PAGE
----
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Tea reduces ovarian cancer risk



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Women who drink at least two cups of tea a day can reduce their risk of developing ovarian cancer by almost 50 percent, Swedish researchers report.

There has been some experimental evidence that green and black tea might lower the risk of some cancers, but this is one of the few studies that has looked at the ability of tea to reduce the risk of ovarian cancer, the researchers noted.

The report appears in the Dec. 12/26 issue of The Archives of Internal Medicine.

In their study, Susanna C. Larsson and Alicja Wolk, of the National Institute of Environmental Medicine at the Karolinska Institute in Stockholm, looked at 61,057 women who were 40 to 76 years old.

The women all participated in a population-based study called the Swedish Mammography Cohort. At the beginning of the study, 68 percent of the participants said they drank tea (mainly black tea) at least once a month. During 15 years of follow-up, 301 women were diagnosed with ovarian cancer.

"We found a lower risk of ovarian cancer associated with greater tea consumption," Larsson says.

Larsson and Wolk found that women who drank at least two cups of tea a day reduced their risk of developing ovarian cancer by 46 percent.

"Each additional cup of tea per day was associated with an 18 percent lower risk of ovarian cancer," the authors reported.

In addition, women who drank one cup a day cut their risk by 24 percent, and those who even drank less than one cup of tea a day reduced their risk by 18 percent compared with nontea drinkers.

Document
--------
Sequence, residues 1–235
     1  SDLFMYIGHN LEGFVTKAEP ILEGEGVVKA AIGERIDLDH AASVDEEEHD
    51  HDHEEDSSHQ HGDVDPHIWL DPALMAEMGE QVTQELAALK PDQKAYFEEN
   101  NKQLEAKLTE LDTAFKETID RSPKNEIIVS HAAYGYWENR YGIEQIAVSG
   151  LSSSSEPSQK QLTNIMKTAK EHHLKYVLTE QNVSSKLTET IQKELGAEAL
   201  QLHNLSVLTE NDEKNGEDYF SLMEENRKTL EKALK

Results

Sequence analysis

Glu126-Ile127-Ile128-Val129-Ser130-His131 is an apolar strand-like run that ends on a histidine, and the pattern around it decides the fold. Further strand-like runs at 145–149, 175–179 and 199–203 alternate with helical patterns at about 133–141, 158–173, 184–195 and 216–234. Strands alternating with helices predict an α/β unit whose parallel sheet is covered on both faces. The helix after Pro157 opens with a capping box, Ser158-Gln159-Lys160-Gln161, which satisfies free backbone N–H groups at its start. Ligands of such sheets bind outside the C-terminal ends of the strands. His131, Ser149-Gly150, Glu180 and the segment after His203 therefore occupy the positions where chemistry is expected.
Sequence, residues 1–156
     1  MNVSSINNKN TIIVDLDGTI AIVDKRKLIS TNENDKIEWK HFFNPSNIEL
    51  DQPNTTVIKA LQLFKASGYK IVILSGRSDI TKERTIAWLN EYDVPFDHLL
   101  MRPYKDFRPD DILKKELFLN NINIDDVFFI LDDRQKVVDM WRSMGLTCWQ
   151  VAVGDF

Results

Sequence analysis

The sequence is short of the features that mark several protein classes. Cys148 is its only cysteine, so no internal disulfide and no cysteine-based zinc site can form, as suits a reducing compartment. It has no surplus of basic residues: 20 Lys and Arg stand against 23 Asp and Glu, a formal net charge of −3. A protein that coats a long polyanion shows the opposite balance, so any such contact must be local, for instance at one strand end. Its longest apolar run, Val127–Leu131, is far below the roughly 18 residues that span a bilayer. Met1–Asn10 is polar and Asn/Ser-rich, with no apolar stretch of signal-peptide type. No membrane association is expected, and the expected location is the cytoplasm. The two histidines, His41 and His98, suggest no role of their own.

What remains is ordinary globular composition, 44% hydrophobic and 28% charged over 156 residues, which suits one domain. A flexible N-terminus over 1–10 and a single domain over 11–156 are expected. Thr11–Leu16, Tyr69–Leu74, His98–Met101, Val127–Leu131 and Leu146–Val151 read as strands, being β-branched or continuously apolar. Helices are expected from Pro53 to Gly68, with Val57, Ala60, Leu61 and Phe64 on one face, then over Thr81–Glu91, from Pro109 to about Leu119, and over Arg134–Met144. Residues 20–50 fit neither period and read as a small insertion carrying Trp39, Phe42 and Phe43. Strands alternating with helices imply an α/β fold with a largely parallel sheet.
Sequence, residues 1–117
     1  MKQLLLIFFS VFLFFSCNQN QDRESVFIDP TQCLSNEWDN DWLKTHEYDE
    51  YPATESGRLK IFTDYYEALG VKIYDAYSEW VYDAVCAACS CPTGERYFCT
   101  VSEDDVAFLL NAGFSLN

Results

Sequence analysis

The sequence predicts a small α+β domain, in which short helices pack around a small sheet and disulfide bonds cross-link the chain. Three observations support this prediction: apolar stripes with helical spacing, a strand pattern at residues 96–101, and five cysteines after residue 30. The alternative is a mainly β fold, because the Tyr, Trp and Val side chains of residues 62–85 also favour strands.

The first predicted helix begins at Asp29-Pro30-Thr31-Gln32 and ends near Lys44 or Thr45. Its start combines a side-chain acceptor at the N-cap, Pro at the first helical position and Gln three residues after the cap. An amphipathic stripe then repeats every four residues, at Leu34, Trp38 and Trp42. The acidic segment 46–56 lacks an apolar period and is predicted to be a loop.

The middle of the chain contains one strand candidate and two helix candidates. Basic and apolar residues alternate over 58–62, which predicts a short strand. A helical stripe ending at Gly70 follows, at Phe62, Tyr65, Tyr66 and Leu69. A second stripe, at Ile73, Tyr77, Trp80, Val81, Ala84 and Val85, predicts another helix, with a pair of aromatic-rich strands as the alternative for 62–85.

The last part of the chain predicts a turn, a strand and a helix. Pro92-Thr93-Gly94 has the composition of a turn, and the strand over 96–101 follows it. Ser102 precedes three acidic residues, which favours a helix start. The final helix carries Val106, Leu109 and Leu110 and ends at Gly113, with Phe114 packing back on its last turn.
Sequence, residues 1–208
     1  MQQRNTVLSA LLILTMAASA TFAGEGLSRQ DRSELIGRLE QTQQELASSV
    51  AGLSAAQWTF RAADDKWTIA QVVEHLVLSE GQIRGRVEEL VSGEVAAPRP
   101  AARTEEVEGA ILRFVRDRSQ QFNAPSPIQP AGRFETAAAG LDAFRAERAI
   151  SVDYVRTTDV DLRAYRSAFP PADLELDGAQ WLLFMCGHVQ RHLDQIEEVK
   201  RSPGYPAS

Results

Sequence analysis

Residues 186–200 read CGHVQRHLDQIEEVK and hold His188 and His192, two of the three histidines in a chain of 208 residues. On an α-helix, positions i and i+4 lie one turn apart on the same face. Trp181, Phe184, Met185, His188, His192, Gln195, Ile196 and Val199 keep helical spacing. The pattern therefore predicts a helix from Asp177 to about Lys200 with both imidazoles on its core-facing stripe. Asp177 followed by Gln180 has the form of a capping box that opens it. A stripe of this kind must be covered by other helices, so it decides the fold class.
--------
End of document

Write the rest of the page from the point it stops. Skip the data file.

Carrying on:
"The advice to women is to increase the consumption of tea," Larsson says. "There are no harmful effects of tea."

One expert sees this study as reason to look for the components in tea that may be protecting women from ovarian cancer.

"This manuscript continues to increase our optimism that lifestyle interventions can be successful in cancer prevention," says Dr. Robert Morgan Jr., section head of medical gynecologic oncology at City of Hope Cancer Center in Duarte, Calif.

"These interventions are particularly important in ovarian cancer because, while ovarian cancer diagnosed in early stage disease is very curable, screening interventions have been only minimally effective in this disease due to the nonspecificity of symptoms of early ovarian cancer, as well as the location of the ovaries deep in the pelvis, making them difficult to examine directly," Morgan says.

Because of this, prevention strategies are very important, Morgan added.

"Much data has recently been published suggesting that lifestyle changes, including exercise and statins, may lead to decreased incidences of new diagnoses of cancer or cancer recurrences. This manuscript suggests that there are other natural products which may be capable of the same phenomenon," he says.

Since the reasons tea may be protective are not known, Morgan thinks this study could lead researchers back to the lab to uncover the mechanisms at work.

(The HealthDay Web site is at http://www.HealthDay.com.)

c.2005 HealthDay News

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